During the ongoing Epic Games v. Apple trial, the Cupertino tech giant’s senior director of marketing testified in court about the App Store and its review process. He told the court that the company received an average of 5 million apps per year and the app scrutiny team rejected 33-35% of them between 2017 and 2019.
Director of marketing, Trystan Kosmynka admitted that the team may make mistakes but one way to look at mistakes is through appeals. Less than 1% of App Store app rejections are appealed and most of the decisions are upheld. Kosmynka said he thought “the number of mistakes is a small fraction of the overall effectiveness of the process.”
Out of 5 million apps submitted per year, Apple rejects 33-35%
In 2017, Apple saw 5,176,583 apps submitted for review and rejected 1,694,664. In 2018 the company saw a total of 4,793,826 apps submitted for review and rejected 1,697,787 apps. Finally, in 2018 the app scrutiny team rejected 1,747,278 apps out of 4,808,685 apps submitted.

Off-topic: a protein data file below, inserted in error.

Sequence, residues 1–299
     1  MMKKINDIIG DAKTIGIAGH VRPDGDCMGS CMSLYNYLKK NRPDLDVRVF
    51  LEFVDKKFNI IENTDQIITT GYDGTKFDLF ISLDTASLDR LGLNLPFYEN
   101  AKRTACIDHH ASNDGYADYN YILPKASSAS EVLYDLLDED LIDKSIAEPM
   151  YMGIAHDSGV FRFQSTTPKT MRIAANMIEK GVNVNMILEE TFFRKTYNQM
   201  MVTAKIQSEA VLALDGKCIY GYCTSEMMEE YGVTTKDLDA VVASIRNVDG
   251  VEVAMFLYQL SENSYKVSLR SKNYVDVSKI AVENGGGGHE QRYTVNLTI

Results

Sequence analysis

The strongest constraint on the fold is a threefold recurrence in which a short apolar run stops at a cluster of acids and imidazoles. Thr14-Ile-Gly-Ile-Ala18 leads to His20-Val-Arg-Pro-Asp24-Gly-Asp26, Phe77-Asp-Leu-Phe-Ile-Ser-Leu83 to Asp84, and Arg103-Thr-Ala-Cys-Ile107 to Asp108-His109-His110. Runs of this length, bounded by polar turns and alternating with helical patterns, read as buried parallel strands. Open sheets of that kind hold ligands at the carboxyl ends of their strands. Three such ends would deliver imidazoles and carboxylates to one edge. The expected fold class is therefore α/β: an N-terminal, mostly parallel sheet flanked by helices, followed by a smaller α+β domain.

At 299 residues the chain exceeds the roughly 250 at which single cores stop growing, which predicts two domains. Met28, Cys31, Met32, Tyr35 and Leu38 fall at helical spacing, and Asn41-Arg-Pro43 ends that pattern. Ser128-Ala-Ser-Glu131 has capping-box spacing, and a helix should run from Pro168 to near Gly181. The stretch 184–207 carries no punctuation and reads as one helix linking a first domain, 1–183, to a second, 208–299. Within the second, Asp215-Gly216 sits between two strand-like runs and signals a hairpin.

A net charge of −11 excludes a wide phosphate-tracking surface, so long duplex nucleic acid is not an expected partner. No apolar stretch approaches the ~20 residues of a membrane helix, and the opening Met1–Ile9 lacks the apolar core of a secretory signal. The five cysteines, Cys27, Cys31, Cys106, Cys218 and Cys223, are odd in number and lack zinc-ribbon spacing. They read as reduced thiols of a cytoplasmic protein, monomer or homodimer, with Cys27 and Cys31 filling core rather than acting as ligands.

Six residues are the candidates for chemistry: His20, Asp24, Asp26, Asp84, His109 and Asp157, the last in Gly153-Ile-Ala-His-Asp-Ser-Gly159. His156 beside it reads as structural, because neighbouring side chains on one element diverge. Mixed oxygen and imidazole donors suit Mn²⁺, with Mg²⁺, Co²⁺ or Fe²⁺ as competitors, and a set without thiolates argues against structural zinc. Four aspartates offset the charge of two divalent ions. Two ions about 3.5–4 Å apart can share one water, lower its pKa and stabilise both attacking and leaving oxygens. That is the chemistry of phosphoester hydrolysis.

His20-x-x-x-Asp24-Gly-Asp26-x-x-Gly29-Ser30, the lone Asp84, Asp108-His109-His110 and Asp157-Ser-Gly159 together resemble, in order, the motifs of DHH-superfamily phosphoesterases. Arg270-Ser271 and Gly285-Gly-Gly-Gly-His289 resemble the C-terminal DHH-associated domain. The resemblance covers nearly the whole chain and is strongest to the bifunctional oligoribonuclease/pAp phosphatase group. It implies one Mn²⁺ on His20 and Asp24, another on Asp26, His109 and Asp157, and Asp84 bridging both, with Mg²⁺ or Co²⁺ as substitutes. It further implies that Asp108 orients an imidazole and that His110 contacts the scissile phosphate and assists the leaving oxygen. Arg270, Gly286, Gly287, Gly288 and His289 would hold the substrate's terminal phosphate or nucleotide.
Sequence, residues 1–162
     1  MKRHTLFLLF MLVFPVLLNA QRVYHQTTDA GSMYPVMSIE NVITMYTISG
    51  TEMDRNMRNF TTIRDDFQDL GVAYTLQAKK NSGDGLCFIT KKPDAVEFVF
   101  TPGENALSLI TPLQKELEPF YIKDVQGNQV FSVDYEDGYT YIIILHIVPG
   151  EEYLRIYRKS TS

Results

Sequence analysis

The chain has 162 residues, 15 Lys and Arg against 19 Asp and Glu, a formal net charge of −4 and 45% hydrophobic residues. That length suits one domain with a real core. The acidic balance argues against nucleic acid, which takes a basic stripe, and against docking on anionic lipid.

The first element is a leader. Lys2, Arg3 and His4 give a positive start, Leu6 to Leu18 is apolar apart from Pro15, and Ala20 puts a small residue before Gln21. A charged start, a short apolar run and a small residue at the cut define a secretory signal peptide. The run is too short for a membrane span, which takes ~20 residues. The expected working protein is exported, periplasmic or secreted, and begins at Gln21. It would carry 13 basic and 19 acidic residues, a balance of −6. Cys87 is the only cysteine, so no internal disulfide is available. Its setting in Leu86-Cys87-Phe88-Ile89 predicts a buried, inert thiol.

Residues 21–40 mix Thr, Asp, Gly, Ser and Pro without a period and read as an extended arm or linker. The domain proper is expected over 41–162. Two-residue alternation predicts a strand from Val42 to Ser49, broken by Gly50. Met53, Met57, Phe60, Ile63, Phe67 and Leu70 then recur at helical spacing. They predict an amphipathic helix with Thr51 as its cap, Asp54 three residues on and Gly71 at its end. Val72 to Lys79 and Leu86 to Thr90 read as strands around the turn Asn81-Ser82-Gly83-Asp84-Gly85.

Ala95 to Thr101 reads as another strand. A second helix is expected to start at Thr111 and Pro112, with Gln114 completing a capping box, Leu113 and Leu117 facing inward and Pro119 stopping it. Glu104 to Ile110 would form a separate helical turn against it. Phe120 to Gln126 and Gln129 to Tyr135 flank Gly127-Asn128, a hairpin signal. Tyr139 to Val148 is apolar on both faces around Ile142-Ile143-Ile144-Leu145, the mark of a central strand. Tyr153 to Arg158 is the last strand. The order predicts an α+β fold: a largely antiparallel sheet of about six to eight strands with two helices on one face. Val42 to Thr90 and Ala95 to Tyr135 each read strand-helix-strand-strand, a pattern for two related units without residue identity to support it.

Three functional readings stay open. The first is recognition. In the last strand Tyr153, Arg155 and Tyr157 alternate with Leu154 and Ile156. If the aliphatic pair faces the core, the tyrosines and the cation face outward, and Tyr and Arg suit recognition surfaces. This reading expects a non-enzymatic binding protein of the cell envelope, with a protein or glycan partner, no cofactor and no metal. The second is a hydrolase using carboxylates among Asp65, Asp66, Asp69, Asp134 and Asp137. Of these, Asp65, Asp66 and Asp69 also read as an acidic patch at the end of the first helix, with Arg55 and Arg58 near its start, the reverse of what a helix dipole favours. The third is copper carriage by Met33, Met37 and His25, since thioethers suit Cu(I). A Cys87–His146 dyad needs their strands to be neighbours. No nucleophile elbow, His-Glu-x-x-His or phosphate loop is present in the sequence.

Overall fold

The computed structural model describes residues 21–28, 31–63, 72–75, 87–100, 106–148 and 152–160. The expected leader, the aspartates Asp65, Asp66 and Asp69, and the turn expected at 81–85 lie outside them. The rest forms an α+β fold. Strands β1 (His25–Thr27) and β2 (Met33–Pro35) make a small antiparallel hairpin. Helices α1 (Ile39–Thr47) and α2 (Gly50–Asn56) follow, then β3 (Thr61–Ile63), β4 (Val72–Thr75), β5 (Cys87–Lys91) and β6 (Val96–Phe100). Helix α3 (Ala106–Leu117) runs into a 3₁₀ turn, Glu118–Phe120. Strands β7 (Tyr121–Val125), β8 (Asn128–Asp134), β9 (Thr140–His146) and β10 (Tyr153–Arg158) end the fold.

Documents revealed during the trial suggest that the App Store sees 100,000 app submissions per week, and they are reviewed by 500 human experts. And even before reaching a human reviewer, apps are analyzed by Apple-designed tools to check for malware and policy violations.
The tool called Mercury runs via dynamic and static analysis processes, with the tool allowing the company to see inside apps to check them for hidden abuse or code. Other tools that the company has named are Columbus and Magellan. Once the apps are cleared by any of these tools, they receive human oversight.
Kosmynka said that it takes a lot of time and effort to get an app reviewed and that it was not a frequent complaint from developers. He further stated that the last time he conducted an app review it took him only five minutes.
Kosmynka also revealed to the court that the company once called complaints about apps from third parties that violated App Store guidelines as a UTB (under the bus). This term helped them reflect that a rival app or press article had thrown an app under the bus by alerting Apple it was in breach of guidelines. The term was later changed to ARC, App Review Compliance, before 2016.
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